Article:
I will be launching an online store later this season, with white on black versions as well as the t-shirt above. And Ella and I had so much fun with this one that we’re already brainstorming for the next country. This will be a series. What country is most delicious after Vietnam? Thailand? India? Mexico? So many options.
There are also posters:
That’s all lovely, but where can I buy this t-shirt of yours?
Fine, fine. You can pick one up for men here and for women here. Available in men’s or women’s sizes, and hopefully as beautiful in person as it is in print. Can’t wait to see them in the wild!
39 thoughts on “Announcing a hand-drawn typographic map of Vietnam and its food”
As a lover of food and fonts, I love the design and the concept. I’m already visualizing one for Japan, with the foods written in characters of course. It may be a challenge, but it would look amazing, I think.
Oh, and that question is classic! “Why are you eating fermented shrimp paste when you are a foreigner — is it because you are Vietnamese-sized?”
This is such a great idea! I’m glad that more and more people are seeing how varied the food is in Vietnam!
This is awesome! I tend to shy away from the typical flashy shirts available all over SE Asia but this one is just incognito enough for me. India would be great for the next round.
Love it! Could you use authentic Tieng Viet characters? I also don’t see some of my favs like pho ga or cha ca la vong, banh mi, or bun bo hue. They should be located near their regional “home”. Any chance of an updated design including these ideas?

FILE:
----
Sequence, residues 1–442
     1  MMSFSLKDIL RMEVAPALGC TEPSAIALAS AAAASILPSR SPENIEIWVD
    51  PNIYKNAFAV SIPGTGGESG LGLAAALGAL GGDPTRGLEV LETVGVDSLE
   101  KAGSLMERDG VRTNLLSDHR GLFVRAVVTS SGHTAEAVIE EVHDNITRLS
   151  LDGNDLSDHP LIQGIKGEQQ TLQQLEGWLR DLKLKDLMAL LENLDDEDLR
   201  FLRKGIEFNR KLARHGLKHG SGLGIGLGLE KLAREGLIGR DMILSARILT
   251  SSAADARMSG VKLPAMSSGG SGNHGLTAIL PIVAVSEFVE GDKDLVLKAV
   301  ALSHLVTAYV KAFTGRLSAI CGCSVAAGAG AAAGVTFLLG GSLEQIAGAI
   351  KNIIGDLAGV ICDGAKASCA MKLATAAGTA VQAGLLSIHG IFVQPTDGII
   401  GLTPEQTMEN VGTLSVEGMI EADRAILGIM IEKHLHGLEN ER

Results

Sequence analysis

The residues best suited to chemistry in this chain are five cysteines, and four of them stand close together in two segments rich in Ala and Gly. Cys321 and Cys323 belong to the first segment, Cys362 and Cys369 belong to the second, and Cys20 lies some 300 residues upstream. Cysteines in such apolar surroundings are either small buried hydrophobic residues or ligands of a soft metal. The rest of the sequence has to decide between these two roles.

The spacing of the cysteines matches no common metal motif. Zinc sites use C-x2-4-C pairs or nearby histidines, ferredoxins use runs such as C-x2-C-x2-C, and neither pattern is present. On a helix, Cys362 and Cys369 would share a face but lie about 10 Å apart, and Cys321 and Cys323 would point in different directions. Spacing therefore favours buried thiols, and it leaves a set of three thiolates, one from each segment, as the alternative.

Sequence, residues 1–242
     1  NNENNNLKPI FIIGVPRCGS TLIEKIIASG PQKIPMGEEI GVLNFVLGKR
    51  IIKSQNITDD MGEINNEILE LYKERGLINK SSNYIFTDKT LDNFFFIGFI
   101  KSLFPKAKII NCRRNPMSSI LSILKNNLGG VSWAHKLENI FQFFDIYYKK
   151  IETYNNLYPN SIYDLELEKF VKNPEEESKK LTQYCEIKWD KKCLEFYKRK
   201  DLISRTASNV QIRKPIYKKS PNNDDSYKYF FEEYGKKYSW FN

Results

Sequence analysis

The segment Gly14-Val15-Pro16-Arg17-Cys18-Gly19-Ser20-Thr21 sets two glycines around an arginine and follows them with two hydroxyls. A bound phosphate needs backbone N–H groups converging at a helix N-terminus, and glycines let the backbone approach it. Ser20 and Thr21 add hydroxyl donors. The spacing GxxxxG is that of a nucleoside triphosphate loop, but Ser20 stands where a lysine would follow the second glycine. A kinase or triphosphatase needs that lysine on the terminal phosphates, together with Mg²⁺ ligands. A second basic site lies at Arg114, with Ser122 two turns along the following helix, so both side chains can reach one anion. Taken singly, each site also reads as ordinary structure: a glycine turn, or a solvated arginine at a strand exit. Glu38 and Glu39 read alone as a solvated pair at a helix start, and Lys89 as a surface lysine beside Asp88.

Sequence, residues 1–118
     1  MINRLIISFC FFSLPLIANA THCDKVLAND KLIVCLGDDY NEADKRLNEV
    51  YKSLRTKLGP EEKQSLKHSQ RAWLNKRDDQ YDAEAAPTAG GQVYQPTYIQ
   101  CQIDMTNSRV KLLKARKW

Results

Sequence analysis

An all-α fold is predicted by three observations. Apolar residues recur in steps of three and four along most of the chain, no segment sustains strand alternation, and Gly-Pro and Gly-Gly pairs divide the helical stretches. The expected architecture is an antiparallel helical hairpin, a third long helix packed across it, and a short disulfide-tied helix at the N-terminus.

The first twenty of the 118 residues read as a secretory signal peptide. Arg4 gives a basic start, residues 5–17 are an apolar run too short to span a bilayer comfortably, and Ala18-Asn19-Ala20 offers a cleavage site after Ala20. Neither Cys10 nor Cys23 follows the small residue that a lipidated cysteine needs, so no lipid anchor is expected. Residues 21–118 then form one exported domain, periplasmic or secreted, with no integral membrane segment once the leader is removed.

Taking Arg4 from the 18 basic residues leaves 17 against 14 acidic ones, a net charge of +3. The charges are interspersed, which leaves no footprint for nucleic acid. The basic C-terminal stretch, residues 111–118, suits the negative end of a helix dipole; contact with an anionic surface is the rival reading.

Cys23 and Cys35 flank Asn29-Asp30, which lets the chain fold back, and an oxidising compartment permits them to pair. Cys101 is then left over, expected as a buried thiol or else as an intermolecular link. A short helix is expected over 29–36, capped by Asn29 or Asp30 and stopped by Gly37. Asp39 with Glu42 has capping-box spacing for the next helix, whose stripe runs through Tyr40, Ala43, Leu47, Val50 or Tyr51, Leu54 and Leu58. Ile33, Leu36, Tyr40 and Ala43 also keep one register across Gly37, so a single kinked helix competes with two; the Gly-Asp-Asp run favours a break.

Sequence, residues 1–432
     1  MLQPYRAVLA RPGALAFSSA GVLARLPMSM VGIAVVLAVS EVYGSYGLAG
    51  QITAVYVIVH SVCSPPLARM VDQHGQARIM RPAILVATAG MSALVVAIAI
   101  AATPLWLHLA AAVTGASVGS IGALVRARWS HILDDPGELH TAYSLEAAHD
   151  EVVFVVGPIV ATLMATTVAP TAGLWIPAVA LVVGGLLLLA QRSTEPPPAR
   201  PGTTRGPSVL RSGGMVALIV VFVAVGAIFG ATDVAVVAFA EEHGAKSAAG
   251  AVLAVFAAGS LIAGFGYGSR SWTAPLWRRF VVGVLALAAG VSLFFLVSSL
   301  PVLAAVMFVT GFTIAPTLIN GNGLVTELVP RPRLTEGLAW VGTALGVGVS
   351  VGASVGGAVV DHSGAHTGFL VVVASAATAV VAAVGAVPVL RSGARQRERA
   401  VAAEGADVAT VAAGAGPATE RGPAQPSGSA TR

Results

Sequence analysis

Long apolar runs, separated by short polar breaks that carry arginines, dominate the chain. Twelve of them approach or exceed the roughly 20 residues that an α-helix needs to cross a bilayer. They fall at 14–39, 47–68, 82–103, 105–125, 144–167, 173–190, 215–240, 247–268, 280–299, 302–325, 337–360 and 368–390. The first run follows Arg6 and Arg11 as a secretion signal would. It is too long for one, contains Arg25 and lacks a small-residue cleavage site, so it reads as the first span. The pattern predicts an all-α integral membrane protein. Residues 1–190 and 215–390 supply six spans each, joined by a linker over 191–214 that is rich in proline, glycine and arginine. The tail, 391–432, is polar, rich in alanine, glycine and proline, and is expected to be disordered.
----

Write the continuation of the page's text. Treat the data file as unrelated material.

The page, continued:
Hi Doug, Bun Bo Hue and Banh Mi are already on the map. I opted not to include pho ga since it is a variation of pho and pho bo is there. I wanted to save the room for alternative dishes. The dishes are reasonably placed “near” their area of origin (e.g. canh chua in south, bun bo hue near center) but that’s the best we could do. No, a version with Tieng Viet characters will not be available. Glad you liked the map!
Gorgeous! Such a neat idea! I recently stumbled upon a scratch off map of Europe that was similar to this, once you ate the ‘it’ food from a certain country you were able to scratch that section off and it was colored underneath. Make Thailand your next shirt and I am all in!
Thank you for sharing the anecdote and the design, Jodi! I have been in Vietnam for just over a week now (of a just under 1-month visit) and boy did I not expect how hard I’d fall for it! Less than a day into arriving in Hanoi, I was ready to move here! (It took me only a few more days after that to convince my husband, but wasn’t too tough!) And the food here, oh the food! Never ever did I imagine while living in California (where they say the largest population of Vietnamese expats in the world resides) that there would be both the variety and levels of deliciousness that we’ve already discovered in our short time here! Hurray!
hi Jody. just came across your website tonight, love it. I have been living in HCMC for about 18 months and i share your love for the city and Vietnam in general. Also love the idea for your t-shirt and it’s just the kind of shirt i’d buy except that the names of the Vietnamese foods are not written in Vietnamese script. By not using Vietnamese script for Vietnamese words, most of the words on your t-shirt are nonsense (words that don’t exist) or are indeed completely different words from the ones you are intending to convey. In other words, it comes across as touristy and inauthentic, the opposite of what you or your brand are about. Consider adding the tones and other symbols of the Vietnamese language so what’s written on your shirt makes sense. Regards, your new reader and fan, Alex.